Another central character who undergoes a gender transformation is Salvor Hardin, a warden in Terminus who is now embodied by the non-binary actor Leah Harvey. Kubbra Sait, who plays the warrior Phara Khan, the grant huntress for planet Anacreon that exists on the fringe of the Terminus, is another character joining the female ensemble. Still sticking with diversity and inclusivity, auditions for the cast were conducted in 17 cities from across the globe, including Tokyo, India, South Africa, Portugal, Berlin, just to name but a few.

One of the most interesting players in the show is time that has shaped the structure of the franchise to a great extent. The narrative is packed with plenty of time shifts in between the present, past, and future. Sometimes different stories happening at different times run concurrently to each other.

The books are majorly philosophical, lacking in emotion, action, and drama. Television being a visual medium, the show’s creators had to inject some emotion to marry seamlessly with the philosophical themes; hence those major dramatic events in the books that happen off-screen and in between sentences are now dramatized on-screen to evoke a human connection.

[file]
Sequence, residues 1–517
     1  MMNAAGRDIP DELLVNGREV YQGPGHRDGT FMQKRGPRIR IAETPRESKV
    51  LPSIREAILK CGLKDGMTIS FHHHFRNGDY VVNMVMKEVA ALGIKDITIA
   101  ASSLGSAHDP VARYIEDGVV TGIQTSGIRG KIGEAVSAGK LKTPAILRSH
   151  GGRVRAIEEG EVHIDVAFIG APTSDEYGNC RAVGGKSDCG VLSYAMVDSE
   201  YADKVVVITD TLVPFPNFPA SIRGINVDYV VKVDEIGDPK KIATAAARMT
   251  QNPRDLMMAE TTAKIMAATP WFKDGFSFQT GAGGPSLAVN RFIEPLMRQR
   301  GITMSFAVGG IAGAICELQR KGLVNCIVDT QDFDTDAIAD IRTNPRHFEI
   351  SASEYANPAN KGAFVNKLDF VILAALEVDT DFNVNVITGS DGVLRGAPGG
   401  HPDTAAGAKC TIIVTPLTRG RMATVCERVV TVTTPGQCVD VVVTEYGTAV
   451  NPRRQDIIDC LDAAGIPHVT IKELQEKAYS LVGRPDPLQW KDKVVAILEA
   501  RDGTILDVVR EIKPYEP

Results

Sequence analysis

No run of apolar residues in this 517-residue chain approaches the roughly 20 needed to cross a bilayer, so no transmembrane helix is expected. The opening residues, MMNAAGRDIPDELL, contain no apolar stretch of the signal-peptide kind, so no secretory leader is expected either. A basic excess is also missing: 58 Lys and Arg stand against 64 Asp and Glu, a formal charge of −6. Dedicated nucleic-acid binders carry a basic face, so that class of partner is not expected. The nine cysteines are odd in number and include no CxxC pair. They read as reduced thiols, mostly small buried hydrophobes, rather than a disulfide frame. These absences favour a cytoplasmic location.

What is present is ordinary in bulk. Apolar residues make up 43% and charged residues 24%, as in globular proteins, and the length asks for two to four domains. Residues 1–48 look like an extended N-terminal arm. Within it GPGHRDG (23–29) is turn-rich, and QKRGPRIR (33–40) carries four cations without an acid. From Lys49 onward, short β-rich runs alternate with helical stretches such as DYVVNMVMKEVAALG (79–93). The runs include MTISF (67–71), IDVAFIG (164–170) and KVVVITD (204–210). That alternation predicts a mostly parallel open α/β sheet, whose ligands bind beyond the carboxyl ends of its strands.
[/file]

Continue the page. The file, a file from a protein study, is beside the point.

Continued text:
As a way of tapping into the emotional aspect of audiences, David had to come up with a way of making characters exist over a thousand years. So backstories for the main characters were created, and clones of the original were made in such as way that the audience still sees the same face over the generations and potentially different seasons.

The series didn’t want to over-rely on computer-generated imagery or rather CGI, so shooting took place in more than five different countries such as Iceland, Malta, and the Canary Islands, representing the various planets and making sure the visuals were as authentic as possible. For instance, the incredible scenes next to a volcano were filmed on location in Iceland, which is very relatable considering this place to some extend feels like another planet in reality.

The series explores religious and political extremism, lack of trust among well-known leaders, casting immense doubts on science, all issues which audiences see almost every day plastered in their local and global newspapers. The ‘Foundation’ addresses what’s happening now but through the tinted glass of the future, further cementing Asimov’s message of hope and faith in human ingenuity.

It has been a struggle among filmmakers to bring to life the incredible work that Isaac Asimov left behind, as it is so diverse and massive that adapting it for the screen seemed unattainable until David took it up. Despite all the challenges, the filmmaker has managed to bring this sensational universe to life in an expansive yet character-driven vision that will please both fans and newbies alike. Once the ‘Foundation’ premieres, a new episode will be released every Friday.

SCORE: 7/10